loggingPublicURL: "https://kibana.example.com"
...

Setting the loggingPublicURL parameter creates a View Archive button on the OpenShift Container Platform web console under the BrowsePods<pod_name>Logs tab. This links to the Kibana console.

You can scale the Kibana deployment as usual for redundancy:

$ oc scale dc/logging-kibana --replicas=2

To ensure the scale persists across multiple executions of the logging playbook, make sure to update the openshift_logging_kibana_replica_count in the inventory file.

You can see the user interface by visiting the site specified by the openshift_logging_kibana_hostname variable.

See the Kibana documentation for more information on Kibana.

Kibana Visualize

Kibana Visualize enables you to create visualizations and dashboards for monitoring container and pod logs allows administrator users (cluster-admin or cluster-reader) to view logs by deployment, namespace, pod, and container.

Kibana Visualize exists inside the Elasticsearch and ES-OPS pod, and must be run inside those pods. To load dashboards and other Kibana UI objects, you must first log into Kibana as the user you want to add the dashboards to, then log out. This will create the necessary per-user configuration that the next step relies on. Then, run:

$ oc exec <$espod> -- es_load_kibana_ui_objects <user-name>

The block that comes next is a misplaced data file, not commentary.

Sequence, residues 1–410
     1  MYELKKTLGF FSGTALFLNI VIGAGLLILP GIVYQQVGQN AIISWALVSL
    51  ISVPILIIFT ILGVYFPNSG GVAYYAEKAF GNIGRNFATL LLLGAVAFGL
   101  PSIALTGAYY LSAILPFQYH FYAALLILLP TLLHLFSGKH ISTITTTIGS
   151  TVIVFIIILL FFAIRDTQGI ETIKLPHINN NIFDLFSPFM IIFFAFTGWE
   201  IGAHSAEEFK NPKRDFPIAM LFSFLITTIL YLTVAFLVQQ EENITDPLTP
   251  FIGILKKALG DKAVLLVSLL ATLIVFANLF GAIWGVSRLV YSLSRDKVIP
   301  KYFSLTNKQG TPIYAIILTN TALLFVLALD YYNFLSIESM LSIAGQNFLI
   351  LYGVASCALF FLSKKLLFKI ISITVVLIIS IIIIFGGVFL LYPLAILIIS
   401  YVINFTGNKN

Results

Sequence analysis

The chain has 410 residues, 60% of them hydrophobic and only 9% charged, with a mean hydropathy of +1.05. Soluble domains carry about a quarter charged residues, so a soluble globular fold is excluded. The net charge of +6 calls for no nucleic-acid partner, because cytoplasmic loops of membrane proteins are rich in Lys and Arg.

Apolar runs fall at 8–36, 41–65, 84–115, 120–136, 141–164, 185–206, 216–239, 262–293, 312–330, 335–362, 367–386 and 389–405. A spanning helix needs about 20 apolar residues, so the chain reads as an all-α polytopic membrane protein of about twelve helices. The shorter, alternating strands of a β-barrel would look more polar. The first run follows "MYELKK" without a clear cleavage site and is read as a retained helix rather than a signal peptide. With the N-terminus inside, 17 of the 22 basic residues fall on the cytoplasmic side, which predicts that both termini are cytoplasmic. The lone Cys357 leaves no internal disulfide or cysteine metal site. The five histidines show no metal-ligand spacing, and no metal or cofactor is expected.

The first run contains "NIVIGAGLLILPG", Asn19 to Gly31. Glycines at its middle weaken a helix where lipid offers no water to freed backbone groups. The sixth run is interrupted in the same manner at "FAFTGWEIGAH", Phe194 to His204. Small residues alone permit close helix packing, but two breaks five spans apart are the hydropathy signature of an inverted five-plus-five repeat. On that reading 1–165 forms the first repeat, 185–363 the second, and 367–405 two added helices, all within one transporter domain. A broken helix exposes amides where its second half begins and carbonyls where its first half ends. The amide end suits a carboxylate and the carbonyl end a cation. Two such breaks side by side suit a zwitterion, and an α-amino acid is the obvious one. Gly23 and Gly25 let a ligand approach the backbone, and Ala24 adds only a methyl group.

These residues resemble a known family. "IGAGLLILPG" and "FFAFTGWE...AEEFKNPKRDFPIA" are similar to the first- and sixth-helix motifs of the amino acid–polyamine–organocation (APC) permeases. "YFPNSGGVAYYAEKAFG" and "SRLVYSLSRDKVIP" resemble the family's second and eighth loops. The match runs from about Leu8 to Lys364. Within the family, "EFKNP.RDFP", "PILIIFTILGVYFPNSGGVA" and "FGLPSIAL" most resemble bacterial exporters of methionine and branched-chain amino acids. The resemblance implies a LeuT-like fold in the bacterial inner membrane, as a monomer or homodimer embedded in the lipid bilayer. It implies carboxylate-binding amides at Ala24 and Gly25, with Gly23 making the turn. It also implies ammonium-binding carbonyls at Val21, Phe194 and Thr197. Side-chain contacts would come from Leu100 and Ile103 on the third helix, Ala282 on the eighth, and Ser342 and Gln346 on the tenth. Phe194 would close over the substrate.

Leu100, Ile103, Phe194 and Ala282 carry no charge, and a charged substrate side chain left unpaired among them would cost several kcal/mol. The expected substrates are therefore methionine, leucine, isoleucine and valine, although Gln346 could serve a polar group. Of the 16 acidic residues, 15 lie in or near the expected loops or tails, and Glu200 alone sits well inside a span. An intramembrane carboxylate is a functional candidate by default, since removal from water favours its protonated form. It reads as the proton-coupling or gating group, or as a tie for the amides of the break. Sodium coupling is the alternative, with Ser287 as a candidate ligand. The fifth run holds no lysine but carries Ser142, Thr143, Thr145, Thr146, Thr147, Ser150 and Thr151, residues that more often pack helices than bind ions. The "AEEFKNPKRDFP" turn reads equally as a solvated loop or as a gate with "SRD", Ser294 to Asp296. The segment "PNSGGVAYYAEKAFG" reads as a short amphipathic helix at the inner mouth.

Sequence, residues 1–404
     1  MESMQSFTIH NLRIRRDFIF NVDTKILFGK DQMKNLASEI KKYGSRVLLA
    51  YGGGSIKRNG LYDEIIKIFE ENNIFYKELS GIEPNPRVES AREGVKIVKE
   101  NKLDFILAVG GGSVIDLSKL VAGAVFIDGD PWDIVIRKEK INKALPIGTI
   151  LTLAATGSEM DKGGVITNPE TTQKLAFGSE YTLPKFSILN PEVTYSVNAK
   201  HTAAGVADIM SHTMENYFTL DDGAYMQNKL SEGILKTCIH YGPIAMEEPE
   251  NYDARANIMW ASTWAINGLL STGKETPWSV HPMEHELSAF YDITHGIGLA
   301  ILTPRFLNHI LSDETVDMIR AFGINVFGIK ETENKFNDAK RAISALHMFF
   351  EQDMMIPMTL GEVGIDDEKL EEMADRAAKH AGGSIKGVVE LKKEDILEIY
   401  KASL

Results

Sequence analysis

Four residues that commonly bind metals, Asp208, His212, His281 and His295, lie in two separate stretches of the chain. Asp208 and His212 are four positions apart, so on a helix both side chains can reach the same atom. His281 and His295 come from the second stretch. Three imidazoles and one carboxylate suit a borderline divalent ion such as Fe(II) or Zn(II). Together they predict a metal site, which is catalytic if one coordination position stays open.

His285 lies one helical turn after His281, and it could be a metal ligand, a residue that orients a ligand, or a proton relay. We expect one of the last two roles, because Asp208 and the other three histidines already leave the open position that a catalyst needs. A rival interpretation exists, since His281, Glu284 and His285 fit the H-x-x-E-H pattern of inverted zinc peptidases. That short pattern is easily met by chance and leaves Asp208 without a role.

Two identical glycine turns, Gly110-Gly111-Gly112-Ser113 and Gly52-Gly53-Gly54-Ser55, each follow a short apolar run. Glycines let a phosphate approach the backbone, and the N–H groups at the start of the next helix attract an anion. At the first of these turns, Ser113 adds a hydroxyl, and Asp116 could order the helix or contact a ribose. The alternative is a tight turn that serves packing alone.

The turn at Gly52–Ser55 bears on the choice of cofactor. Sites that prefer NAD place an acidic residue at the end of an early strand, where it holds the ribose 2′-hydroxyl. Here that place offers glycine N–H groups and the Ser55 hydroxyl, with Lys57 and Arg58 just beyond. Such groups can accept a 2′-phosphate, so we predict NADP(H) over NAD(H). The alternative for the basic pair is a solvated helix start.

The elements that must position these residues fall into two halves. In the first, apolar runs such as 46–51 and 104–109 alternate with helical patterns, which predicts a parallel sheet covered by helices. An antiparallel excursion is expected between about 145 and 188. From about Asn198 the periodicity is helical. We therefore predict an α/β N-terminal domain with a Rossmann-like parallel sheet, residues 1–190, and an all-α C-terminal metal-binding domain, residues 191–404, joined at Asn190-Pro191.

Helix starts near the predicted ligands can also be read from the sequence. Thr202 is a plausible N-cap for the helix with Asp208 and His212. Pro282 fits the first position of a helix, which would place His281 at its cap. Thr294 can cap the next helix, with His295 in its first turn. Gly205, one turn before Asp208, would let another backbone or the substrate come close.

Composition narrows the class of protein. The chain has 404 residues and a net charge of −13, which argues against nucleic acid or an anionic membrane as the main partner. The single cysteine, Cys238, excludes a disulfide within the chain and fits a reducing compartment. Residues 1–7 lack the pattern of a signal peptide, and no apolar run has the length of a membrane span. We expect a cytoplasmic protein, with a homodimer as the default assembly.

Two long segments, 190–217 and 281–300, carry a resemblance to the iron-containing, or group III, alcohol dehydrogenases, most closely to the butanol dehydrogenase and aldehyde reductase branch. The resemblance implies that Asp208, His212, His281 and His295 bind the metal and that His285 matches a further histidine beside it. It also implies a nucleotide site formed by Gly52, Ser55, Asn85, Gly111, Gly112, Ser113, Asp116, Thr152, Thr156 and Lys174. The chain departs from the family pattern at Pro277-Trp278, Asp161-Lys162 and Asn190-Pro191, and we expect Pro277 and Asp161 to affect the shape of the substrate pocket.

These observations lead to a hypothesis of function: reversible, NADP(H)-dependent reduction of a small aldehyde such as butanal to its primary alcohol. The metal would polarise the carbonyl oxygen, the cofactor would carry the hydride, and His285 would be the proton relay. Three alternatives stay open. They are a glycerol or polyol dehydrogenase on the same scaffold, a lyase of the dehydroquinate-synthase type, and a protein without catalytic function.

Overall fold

Where $espod is the name of any one of your Elasticsearch pods.

Curator

Curator allows administrators to configure scheduled Elasticsearch maintenance operations to be performed automatically on a per-project basis. It is scheduled to perform actions daily based on its configuration. Only one Curator pod is recommended per Elasticsearch cluster. Curator is configured via a YAML configuration file with the following structure:

$PROJECT_NAME:
  $ACTION:
    $UNIT: $VALUE

$PROJECT_NAME:
  $ACTION:
    $UNIT: $VALUE
 ...

The available parameters are:

Variable Name Description

PROJECT_NAME

The actual name of a project, such as myapp-devel. For OpenShift Container Platform operations logs, use the name .operations as the project name.

ACTION

The action to take, currently only delete is allowed.

UNIT

One of days, weeks, or months.

VALUE

An integer for the number of units.

.defaults

Use .defaults as the $PROJECT_NAME to set the defaults for projects that are not specified.

runhour

(Number) the hour of the day in 24-hour format at which to run the Curator jobs. For use with .defaults.

runminute

(Number) the minute of the hour at which to run the Curator jobs. For use with .defaults.

timezone

(String) the tring in tzselect(8) or timedatectl(1) format. The default timezone is UTC.

.regex

The list of regular expressions that match project names.

pattern

The valid and properly escaped regular expression pattern enclosed by single quotation marks.

For example, to configure Curator to:

  • delete indices in the myapp-dev project older than 1 day